Article

Prevalence and correlates of premature ejaculation in a primary care setting: a preliminary cross-sectional study.

Bayan Baru Health Clinic, Bayan Baru, Penang, Malaysia Department of Primary Care Medicine, University of Malaya, Kuala Lumpur, Malaysia.
Journal of Sexual Medicine (Impact Factor: 3.15). 04/2011; 8(7):2071-8. DOI: 10.1111/j.1743-6109.2011.02280.x
Source: PubMed

ABSTRACT Premature ejaculation (PE) is common. However, it has been underreported and undertreated.
To determine the prevalence of PE and to investigate possible associated factors of PE.
This cross-sectional study was conducted at a primary care clinic over a 3-month period in 2008. Men aged 18-70 years attending the clinic were recruited, and they completed self-administered questionnaires that included the Premature Ejaculation Diagnostic Tool (PEDT), International Index of Erectile Function, sociodemography, lifestyle, and medical illness. The operational definition of PE included PE and probable PE based on the PEDT.
Prevalence of PE.
A total of 207 men were recruited with a response rate of 93.2%. There were 97 (46.9%) Malay, 57 (27.5%) Chinese, and 53 (25.6%) Indian, and their mean age was 46.0 ± 12.7 years. The prevalence of PE was 40.6% (N = 82) (PE: 20.3%, probable PE: 20.3% using PEDT). A significant association was found between ethnicity and PE (Indian 49.1%, Malay 45.4%, and Chinese 24.6%; χ(2) = 8.564, d.f. = 2, P = 0.014). No significant association was found between age and PE. Multivariate analysis showed that erectile dysfunction (adjusted odds ratio [OR] 4.907, 95% confidence interval [CI] 2.271, 10.604), circumcision (adjusted OR 4.881, 95% CI 2.346, 10.153), sexual intercourse ≤5 times in 4 weeks (adjusted OR 3.733, 95% CI 1.847, 7.544), and Indian ethnicity (adjusted OR 3.323, 95% CI 1.489, 7.417) were predictors of PE.
PE might be frequent in men attending primary care clinics. We found that erectile dysfunction, circumcision, Indian ethnicity, and frequency of sexual intercourse of ≤5 times per month were associated with PE. These associations need further confirmation.

1 Follower
 · 
94 Views
  • Source
    [Show abstract] [Hide abstract]
    ABSTRACT: Morris and Krieger (2013) have argued that male circumcision does not impact adversely on sexual sensation, satisfaction, and/or function. In the present paper, it is argued that such a view is untenable. By selectively citing Morris' own non-peer-reviewed letters and opinion pieces purporting to show flaws in studies reporting evidence of negative effects of circumcision, and by failing adequately to account for replies to these letters by the authors of the original research (and others), Morris and Krieger give an incomplete and misleading account of the available literature. Consequently, Morris and Krieger reach an implausible conclusion that is inconsistent with what is known about the anatomy and functions of the penile foreskin, and the likely effects of its surgical removal.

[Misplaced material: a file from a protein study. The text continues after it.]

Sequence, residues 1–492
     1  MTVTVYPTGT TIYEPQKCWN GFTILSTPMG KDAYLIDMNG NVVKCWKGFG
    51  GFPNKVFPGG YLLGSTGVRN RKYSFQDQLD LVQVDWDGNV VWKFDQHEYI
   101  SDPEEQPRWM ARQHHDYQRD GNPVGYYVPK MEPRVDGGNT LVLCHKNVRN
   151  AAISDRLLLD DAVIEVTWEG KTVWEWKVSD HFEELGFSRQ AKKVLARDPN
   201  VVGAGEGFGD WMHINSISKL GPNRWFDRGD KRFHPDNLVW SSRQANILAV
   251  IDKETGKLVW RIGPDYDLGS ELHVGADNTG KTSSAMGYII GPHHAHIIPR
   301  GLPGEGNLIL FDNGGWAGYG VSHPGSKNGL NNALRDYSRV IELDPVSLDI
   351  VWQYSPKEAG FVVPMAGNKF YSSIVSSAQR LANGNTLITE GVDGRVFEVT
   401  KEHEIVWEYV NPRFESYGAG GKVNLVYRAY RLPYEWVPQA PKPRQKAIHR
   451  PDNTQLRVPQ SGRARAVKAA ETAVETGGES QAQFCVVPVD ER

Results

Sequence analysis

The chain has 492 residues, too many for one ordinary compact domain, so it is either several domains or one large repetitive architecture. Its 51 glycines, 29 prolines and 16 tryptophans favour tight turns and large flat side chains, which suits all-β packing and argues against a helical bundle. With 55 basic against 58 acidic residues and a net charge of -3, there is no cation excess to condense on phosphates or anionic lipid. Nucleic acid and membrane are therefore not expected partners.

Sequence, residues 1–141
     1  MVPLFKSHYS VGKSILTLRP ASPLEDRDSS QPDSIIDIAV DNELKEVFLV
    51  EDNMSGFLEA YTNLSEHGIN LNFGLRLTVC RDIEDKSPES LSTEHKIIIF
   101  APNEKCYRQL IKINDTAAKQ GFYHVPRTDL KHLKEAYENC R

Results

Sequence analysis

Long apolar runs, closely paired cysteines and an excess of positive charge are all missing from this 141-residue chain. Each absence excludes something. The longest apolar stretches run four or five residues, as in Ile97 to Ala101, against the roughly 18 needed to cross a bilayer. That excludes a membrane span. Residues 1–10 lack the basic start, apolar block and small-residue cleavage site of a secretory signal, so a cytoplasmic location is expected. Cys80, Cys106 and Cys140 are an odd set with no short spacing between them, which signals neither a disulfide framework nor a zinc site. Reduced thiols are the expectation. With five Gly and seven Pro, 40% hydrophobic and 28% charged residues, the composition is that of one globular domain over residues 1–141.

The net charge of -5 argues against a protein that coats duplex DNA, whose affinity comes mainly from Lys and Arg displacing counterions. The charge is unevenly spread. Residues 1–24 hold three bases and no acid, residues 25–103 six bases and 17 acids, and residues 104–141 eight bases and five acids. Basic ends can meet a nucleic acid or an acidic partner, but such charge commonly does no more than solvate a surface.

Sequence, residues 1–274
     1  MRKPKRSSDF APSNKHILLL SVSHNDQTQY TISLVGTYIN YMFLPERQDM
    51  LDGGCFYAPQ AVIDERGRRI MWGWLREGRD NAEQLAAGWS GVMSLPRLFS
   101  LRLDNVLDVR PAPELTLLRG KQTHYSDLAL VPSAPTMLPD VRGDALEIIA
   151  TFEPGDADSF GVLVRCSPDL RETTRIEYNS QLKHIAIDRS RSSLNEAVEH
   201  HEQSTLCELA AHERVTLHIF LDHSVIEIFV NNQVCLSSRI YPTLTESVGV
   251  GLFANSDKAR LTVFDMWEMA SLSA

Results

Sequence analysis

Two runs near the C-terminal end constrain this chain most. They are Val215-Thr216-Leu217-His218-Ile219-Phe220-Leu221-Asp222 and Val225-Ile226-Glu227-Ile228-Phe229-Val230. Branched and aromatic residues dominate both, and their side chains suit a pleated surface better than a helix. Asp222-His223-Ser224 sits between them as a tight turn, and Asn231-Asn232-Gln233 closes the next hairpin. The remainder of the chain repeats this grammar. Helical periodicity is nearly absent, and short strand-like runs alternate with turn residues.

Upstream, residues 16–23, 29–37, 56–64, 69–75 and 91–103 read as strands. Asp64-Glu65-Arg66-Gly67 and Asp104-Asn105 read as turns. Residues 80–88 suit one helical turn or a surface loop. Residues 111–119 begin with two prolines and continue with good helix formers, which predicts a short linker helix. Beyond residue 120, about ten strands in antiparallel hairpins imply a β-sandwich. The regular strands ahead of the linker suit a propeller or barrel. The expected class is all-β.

• Source
    [Show abstract] [Hide abstract]
    ABSTRACT: Morris and Krieger (2013) have argued that male circumcision does not impact adversely on sexual sensation, satisfaction, and/or function. In the present paper, it is argued that such a view is untenable. By selectively citing Morris' own non-peer-reviewed letters and opinion pieces purporting to show flaws in studies reporting evidence of negative effects of circumcision, and by failing adequately to account for replies to these letters by the authors of the original research (and others), Morris and Krieger give an incomplete and misleading account of the available literature. Consequently, Morris and Krieger reach an implausible conclusion that is inconsistent with what is known about the anatomy and functions of the penile foreskin, and the likely effects of its surgical removal.
  • Source
    [Show abstract] [Hide abstract]
    ABSTRACT: Non-therapeutic infant male circumcision is a permanent surgical alteration to the penis that may cause significant physical, sexual and psychological harm. Physical harms include unintended adverse effects of the surgery itself (e.g., complications such as bleeding, infection, excessive removal of foreskin leaving insufficient shaft skin to accommodate erections, etc.), as well as the inherent loss of healthy, functional tissue. Sexual harms that necessarily follow from circumcision include the loss of all sensation in the foreskin itself, and the loss of all sexual functions that involve the physical manipulation of the foreskin. Additional sexual harms that may follow cir-cumcision include reduced sexual sensation in the remaining penile structures, difficulty with masturbation, increased chafing in both the circumcised man and his sexual partner, as well as reduced overall psychosexual/psychological tension relief and subjective satisfaction. Psychological harms include short-term trauma as well as the potential for long-term emotional disturbances , including sadness, frustration, distress, and anger—akin to post-traumatic stress disorder (PTSD). In this paper, the extent and severity of these various harms are considered and it is argued that they are more serious and more widespread than is commonly believed.
    Advances in Sexual Medicine 05/2015; 5:22-38. DOI:10.4236/asm.2015.52004